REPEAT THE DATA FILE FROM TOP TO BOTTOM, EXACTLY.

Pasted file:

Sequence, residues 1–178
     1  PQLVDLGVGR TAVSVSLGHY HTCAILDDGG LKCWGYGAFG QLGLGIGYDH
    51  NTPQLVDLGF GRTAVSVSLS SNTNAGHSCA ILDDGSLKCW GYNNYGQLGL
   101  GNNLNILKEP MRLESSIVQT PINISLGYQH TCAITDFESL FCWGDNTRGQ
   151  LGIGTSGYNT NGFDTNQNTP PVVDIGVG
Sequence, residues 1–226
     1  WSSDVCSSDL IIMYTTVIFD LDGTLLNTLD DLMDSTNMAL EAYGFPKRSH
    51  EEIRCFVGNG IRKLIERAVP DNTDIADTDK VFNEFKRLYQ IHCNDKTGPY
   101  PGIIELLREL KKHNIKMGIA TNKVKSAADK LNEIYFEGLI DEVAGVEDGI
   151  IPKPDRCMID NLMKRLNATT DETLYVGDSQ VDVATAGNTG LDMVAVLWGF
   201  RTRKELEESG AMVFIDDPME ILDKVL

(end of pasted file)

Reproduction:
Sequence, residues 1–178
     1  PQLVDLGVGR TAVSVSLGHY HTCAILDDGG LKCWGYGAFG QLGLGIGYDH
    51  NTPQLVDLGF GRTAVSVSLS SNTNAGHSCA ILDDGSLKCW GYNNYGQLGL
   101  GNNLNILKEP MRLESSIVQT PINISLGYQH TCAITDFESL FCWGDNTRGQ
   151  LGIGTSGYNT NGFDTNQNTP PVVDIGVG
Sequence, residues 1–226
     1  WSSDVCSSDL IIMYTTVIFD LDGTLLNTLD DLMDSTNMAL EAYGFPKRSH
    51  EEIRCFVGNG IRKLIERAVP DNTDIADTDK VFNEFKRLYQ IHCNDKTGPY
   101  PGIIELLREL KKHNIKMGIA TNKVKSAADK LNEIYFEGLI DEVAGVEDGI
   151  IPKPDRCMID NLMKRLNATT DETLYVGDSQ VDVATAGNTG LDMVAVLWGF
   201  RTRKELEESG AMVFIDDPME ILDKVL